The Biotechnology Innovation Organization (BIO) Patient and Health Advocacy Summit returns to an in-person format for the first time since before the COVID-19 pandemic—and Bio.News reporters will be on the ground to bring you all the highlights!
The annual two-day summit brings together patient advocates, academia, regulators, and industry to discuss timely policy issues and share best practices. The event will take place October 27-28, 2022.
Keynotes and panel discussions will cover topics including:
- The importance of patient-centric leadership, featuring BIO Chair Paul Hastings, CEO of Nkarta Therapeutics, and Rachel King, BIO’s new interim President and CEO.
- How to engage with new “freshman” Members of Congress, and how to plan a Capitol Hill advocacy day.
- Midterm election predictions with NBC’s David Wasserman.
- The role of regulatory rulemaking and how to engage with Centers for Medicare and Medicaid Services (CMS).
- What’s happening at the state level.
- How to build effective coalitions and patient advocacy partnerships.
We’ll get to hear from speakers from patient advocacy groups including Alliance for Aging Research, American Cancer Society Cancer Action Network, Inc., Asthma and Allergy Foundation of America, Asthma and Allergy Network, Arthritis Foundation, Autoimmune Association, Everylife Foundation For Rare Diseases, Lupus Foundation of America, National Alliance for Caregiving, National Eczema Association, National Psoriasis Foundation, Prevent Blindness, The Immunization Partnership, The Leukemia & Lymphoma Society, United Spinal Association.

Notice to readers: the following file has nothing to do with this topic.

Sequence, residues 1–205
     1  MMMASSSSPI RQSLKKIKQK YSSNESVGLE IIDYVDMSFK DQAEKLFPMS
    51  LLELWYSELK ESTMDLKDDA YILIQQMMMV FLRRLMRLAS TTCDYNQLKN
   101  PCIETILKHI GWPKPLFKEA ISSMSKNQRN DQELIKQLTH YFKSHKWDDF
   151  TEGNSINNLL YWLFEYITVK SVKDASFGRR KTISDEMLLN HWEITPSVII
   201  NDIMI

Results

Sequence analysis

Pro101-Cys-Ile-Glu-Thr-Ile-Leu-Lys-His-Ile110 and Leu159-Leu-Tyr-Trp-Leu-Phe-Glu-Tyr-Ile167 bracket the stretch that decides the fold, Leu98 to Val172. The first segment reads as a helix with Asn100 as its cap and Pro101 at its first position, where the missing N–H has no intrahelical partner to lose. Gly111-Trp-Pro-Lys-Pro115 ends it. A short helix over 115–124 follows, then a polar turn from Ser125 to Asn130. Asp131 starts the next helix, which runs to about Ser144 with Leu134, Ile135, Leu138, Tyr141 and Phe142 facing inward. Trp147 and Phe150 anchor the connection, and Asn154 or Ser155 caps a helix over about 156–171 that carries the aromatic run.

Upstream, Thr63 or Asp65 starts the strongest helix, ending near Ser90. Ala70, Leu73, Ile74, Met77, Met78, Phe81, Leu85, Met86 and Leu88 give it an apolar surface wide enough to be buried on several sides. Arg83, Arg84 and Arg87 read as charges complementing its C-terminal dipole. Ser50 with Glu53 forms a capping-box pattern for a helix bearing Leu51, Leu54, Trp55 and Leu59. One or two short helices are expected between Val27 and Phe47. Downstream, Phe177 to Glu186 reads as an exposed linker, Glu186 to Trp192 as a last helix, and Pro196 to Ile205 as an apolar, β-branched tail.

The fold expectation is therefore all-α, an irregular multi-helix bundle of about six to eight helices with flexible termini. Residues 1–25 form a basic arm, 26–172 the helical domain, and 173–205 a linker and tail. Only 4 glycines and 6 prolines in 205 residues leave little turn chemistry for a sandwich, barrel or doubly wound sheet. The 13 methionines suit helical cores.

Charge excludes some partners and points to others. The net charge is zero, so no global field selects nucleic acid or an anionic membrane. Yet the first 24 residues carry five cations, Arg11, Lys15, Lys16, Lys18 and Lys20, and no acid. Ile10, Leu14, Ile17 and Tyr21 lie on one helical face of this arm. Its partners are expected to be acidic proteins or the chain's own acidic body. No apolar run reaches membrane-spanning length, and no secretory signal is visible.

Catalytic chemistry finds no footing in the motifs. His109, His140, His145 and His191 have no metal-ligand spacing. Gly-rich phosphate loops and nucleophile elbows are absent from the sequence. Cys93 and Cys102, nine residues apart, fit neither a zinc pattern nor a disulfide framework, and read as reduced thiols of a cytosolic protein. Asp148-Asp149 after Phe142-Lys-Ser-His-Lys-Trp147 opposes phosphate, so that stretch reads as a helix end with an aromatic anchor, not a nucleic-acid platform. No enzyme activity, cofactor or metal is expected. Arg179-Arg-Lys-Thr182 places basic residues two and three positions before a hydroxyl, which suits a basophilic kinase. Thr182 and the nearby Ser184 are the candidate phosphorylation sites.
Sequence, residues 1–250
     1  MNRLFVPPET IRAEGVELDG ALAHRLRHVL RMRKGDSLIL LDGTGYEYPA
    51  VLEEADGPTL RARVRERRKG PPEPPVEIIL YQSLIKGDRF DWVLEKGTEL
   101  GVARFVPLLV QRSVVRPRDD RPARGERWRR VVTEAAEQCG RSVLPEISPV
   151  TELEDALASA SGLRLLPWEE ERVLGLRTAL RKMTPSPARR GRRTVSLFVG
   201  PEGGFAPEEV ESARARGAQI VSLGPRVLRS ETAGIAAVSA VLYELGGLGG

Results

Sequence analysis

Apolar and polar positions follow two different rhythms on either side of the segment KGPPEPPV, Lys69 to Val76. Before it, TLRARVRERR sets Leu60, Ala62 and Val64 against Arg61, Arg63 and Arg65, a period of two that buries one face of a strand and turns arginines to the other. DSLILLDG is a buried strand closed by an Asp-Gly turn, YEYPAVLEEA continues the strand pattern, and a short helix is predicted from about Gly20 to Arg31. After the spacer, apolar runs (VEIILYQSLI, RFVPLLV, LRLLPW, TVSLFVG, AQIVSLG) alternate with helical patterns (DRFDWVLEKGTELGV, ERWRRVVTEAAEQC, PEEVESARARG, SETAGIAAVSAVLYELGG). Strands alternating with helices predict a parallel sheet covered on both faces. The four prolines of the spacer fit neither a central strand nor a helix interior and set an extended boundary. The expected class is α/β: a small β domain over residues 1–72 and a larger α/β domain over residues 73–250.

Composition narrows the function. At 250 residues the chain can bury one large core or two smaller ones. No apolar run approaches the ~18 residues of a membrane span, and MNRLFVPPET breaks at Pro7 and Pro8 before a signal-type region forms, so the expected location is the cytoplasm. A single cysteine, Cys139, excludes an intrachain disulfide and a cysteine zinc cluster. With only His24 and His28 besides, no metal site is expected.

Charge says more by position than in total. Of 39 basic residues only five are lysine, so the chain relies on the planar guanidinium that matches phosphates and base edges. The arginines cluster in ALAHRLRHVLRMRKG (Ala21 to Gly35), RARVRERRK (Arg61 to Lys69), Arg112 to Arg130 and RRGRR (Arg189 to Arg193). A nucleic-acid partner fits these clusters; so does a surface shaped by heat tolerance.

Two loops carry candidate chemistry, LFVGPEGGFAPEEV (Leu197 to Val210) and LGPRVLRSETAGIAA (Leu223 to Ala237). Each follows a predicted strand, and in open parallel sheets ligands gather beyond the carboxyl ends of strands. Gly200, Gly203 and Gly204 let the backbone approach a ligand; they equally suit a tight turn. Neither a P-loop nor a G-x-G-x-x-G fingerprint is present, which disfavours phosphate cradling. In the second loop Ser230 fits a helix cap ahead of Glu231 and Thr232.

Why does patient advocacy matter?
Over 7,000 rare diseases affect 350 million patients globally—and 95% do not have therapies.
“For the most part, companies are still choosing to focus on the larger rare diseases, so we really don’t have any hope—unless there is a patient-mediated movement,” Nasha Fitter, CEO of the FOXG1 Research Foundation, recently explained on the I am BIO Podcast.
Enter patient advocates—who are “the disease-matter experts,” said Susan Ruediger, Founder and CEO of the CMT Research Foundation. “We are watching our bodies deteriorate. We are watching our children’s bodies deteriorate. We are motivated to know the state of research, the state of drug development, and we can make it easy for government, for academia, for industry, and even private equity to come to the table and come to our disease.”
“Doing these studies takes years—but if you don’t do it, you’re not going to create therapies that are truly efficacious,” said Fitter.
“The goal is to bring more money, bring more experts, bring more scientists, bring more companies, bring more capital, so we can then have treatments and cures,” added Ruediger.
“Biopharma is very eager to partner with patient advocacy groups,” continued Fitter. “They need to understand the patient journey. They want access to the tools that these advocacy groups are creating, and they need their help when they want to recruit for observational studies and clinical trials.”
“BIO and its members share a commitment to discovering and developing innovative medicines to fight and cure disease and improve the lives of patients,” says BIO’s Patient Advocacy website. “In an effort to achieve our shared goals of bringing new treatments to patients, BIO and its members often work together with patient advocacy organizations to better understand the patients we serve, to help raise awareness and understanding of a disease, and to advance patient-focused public policies.”
“When patients speak up, and they bring that collective power to their disease, they can change the course of their disease,” concluded Ruediger.